After a year of seemingly endless problems sprouting up, Mexico’s officials may have become complacent. It could be a stumbling block on the way to economic and ETF health if the situation doesn’t change.
Mexico was fettered to the United States as both economies plummeted during the recession, and Mexico’s GDP shrunk by 9.7% in the year ending June. The performance was much worse than other neighboring countries with close ties to the United States, according to The Economist.
This recession revealed the structural weaknesses in Mexico’s economy. NAFTA brought free trade, modernization, new technology and rapid growth to Mexico’s economy; however, the trade agreement left Mexico dependent on the American economy. As exports to the United States decreased, unemployment in Mexico’s northern industrial cities increased into double digits.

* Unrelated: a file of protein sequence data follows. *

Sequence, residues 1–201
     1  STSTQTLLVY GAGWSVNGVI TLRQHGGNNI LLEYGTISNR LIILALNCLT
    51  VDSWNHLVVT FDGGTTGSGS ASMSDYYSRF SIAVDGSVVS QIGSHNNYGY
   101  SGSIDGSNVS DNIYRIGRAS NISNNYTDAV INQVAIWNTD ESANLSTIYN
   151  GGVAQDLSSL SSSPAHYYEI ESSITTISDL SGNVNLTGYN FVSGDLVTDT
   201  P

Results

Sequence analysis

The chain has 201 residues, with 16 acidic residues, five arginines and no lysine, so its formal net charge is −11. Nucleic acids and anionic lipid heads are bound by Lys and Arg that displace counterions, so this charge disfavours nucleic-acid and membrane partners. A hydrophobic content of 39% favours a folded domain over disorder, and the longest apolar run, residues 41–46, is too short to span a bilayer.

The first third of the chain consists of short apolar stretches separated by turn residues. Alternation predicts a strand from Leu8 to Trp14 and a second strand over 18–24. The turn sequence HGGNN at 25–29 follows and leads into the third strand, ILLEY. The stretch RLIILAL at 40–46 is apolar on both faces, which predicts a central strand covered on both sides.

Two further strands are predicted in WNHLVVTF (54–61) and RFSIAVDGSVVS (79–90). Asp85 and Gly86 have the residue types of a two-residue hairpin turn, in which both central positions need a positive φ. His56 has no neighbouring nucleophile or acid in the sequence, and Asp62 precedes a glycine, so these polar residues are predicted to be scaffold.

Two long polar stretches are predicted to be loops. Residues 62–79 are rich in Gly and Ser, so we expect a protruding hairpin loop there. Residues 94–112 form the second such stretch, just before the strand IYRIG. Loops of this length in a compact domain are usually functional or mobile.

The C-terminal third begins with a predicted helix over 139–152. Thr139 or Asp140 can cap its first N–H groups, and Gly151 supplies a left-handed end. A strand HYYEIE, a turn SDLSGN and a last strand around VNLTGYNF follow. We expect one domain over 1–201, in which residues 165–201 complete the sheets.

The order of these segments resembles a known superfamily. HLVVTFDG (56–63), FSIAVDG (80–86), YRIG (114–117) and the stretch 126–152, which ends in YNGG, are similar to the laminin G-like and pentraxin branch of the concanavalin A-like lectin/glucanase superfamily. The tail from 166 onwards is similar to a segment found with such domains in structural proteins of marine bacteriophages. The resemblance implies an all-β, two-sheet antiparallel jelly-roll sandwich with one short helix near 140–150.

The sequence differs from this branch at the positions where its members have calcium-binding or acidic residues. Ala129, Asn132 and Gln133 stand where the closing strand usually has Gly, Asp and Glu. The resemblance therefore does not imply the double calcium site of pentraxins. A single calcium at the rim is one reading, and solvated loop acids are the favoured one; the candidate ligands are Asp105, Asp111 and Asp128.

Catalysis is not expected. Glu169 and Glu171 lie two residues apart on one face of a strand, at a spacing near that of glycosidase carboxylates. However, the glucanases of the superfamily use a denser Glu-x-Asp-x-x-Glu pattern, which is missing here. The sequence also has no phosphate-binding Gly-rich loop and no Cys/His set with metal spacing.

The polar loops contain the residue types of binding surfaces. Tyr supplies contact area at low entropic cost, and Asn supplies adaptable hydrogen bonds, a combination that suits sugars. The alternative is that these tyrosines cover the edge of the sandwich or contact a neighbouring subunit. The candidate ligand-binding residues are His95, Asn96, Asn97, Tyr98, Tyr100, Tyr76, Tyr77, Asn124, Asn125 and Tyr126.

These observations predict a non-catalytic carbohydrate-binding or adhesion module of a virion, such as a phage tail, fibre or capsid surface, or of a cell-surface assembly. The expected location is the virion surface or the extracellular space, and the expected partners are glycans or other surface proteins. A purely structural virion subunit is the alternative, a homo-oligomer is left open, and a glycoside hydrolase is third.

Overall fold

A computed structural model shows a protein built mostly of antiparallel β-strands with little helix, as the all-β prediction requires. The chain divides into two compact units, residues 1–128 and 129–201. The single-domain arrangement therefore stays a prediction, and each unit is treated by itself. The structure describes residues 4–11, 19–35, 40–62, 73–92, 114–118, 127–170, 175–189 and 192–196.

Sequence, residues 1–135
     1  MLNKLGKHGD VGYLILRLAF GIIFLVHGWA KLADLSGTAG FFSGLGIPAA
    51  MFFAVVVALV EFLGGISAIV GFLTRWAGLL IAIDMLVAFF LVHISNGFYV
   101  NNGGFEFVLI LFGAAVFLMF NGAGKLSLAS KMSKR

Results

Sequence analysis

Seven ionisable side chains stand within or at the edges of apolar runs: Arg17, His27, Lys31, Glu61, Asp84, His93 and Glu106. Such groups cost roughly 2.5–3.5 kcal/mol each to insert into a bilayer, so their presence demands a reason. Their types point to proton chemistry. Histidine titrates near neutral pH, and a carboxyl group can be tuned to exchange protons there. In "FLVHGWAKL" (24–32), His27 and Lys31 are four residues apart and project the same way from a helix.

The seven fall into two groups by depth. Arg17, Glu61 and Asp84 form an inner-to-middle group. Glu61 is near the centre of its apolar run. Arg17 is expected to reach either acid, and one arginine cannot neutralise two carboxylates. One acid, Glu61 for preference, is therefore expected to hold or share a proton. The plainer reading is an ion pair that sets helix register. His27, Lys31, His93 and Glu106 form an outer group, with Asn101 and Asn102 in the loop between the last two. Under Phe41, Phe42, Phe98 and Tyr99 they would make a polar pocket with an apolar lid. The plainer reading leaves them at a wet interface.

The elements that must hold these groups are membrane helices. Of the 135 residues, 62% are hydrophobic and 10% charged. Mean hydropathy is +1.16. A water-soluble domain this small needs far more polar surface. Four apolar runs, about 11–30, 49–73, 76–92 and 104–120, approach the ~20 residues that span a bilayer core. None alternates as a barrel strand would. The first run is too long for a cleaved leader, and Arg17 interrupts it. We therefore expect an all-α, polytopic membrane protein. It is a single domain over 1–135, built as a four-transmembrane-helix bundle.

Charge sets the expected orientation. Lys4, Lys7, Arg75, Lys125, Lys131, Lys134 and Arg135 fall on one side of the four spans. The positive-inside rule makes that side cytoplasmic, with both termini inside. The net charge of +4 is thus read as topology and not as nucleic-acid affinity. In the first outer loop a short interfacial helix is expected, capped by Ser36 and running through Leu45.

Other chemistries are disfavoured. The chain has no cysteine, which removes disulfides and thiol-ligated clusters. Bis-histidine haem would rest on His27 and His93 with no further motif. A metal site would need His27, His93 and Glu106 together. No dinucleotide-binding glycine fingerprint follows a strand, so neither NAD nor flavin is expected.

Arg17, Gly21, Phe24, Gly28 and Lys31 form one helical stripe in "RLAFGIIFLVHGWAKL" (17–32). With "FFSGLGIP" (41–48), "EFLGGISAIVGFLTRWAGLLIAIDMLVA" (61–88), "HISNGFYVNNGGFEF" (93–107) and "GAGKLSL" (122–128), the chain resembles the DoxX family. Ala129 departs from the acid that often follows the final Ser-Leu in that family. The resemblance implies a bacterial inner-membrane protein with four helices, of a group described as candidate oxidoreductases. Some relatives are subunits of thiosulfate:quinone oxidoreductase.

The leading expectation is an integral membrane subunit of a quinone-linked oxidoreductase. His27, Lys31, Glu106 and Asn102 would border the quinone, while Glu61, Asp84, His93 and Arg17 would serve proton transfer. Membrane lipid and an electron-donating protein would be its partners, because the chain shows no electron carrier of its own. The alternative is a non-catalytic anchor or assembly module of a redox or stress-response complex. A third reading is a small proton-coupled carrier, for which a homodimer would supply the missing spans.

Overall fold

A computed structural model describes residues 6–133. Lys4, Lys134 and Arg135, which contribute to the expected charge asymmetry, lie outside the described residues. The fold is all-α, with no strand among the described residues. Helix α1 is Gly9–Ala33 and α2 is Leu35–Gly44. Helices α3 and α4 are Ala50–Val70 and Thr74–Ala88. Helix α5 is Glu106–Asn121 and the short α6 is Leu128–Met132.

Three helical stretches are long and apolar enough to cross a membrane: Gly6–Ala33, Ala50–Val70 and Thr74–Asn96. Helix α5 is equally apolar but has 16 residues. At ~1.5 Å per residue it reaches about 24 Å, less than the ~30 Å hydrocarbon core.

NAFTA brought little change to Mexico’s economy, which is still encumbered by regulation, protected monopolies and oligopolies and stubborn trade unions.
Furthermore, the economy was also crippled by a decline in services like transport and logistics that were linked to trade. The outbreak of the H1N1 virus also helped to deter tourists for months.
Meanwhile, the Mexican government seems to be exacerbating the problem. The income brought on by oil is projected to fall in 2010 and the country’s credit rating may be downgraded as a result. The government is trying to prevent this by raising taxes by 1% of GDP and reducing spending.
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Max Chen contributed to this article.